Mali’s president has tried to defuse tensions between Malians and the foreign troops battling Islamist militants in the African country, AFP reported on Sunday, December 1st.
There is a growing hostility against the foreign troops in Mali after the rise of militant violence given the presence of outside forces.
President Ibrahim Boubacar Keita has urged Malians not to "bite the hands" of nations giving aid.
"We have no reason to glorify how we reached out to those who needed our help yesterday," the president said in a statement late Saturday, November 30th, referring to Malian soldiers’ involvement in the two world wars and peacekeeping missions.
“Mali’s at war, our unity is at stake. The war is killing our civilians and our soldiers, both Malians and foreigners, who are here to help us. We have no reason to bite the hand of those that reach out,” added Keita.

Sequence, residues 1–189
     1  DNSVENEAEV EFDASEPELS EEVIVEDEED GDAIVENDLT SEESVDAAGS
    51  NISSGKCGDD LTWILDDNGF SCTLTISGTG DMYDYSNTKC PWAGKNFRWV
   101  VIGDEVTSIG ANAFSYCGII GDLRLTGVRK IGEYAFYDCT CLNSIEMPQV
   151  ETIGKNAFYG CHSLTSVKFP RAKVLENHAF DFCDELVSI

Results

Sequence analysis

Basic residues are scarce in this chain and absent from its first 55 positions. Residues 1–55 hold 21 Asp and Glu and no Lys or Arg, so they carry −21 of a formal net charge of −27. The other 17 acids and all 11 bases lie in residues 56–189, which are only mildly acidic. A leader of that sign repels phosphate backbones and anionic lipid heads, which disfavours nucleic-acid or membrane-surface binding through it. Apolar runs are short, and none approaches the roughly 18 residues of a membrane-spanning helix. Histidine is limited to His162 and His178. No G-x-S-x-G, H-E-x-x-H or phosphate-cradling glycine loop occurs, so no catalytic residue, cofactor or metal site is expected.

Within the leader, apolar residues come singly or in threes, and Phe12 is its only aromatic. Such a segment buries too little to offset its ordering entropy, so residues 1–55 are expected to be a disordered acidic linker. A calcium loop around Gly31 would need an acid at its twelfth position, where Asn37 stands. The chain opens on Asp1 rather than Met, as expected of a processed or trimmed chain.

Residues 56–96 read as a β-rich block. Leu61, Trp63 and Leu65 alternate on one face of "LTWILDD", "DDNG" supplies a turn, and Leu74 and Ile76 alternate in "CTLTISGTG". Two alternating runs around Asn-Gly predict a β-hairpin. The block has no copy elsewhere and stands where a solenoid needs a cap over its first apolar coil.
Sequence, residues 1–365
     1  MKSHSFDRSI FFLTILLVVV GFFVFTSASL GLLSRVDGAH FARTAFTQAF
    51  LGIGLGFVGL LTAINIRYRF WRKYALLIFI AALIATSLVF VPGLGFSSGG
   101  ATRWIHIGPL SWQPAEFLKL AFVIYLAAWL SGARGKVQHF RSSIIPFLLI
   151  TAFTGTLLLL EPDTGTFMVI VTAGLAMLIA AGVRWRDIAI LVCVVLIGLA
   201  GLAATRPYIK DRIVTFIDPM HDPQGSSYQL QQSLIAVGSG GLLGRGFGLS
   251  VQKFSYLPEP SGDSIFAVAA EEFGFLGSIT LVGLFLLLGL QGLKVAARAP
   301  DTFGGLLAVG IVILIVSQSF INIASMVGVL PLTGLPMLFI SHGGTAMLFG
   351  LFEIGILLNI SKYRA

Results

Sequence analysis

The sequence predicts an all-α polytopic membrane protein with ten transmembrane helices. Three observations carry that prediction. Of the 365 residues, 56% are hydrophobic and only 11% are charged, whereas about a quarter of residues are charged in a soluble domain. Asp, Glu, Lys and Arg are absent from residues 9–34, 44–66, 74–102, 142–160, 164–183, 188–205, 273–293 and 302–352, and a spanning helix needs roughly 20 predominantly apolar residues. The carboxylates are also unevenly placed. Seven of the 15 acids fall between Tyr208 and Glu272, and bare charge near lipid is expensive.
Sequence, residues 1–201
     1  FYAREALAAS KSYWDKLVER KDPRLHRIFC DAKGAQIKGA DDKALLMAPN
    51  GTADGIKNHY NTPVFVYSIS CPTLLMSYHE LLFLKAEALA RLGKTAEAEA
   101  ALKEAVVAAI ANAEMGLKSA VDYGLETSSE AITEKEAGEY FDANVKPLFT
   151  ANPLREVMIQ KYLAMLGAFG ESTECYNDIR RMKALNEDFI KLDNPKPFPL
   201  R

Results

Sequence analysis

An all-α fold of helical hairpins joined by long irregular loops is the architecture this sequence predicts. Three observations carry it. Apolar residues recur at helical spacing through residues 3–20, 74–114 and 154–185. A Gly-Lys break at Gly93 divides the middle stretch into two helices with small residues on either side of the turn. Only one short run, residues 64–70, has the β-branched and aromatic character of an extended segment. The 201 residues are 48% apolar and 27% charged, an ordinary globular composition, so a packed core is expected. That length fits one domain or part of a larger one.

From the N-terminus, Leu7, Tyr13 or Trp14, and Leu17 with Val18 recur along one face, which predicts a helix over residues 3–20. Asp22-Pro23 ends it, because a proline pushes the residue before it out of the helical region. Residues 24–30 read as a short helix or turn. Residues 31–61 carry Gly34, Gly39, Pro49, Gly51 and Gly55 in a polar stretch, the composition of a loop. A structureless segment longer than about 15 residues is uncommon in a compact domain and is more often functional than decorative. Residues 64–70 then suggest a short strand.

French forces have been in Mali since a 2013 campaign to drive out Islamist fighters from the country's north, but public anger over growing militant violence has recently turned on the presence of foreign troops.
Keita's appeal came days after a mid-air collision between two helicopters killed 13 French troops who were on a night-time operation against jihadists in Mali.
Mali's leader also called on all parties, including the main opposition, to take part in a national debate to be launched on December 14th to discuss solutions to the country's security crisis.
The French soldiers operate alongside a 15,000-strong United Nations peacekeeping mission, which the UN has described as its most dangerous globally.
Both France and the UN are deeply unpopular among Malians, who see them as incapable of providing adequate protection.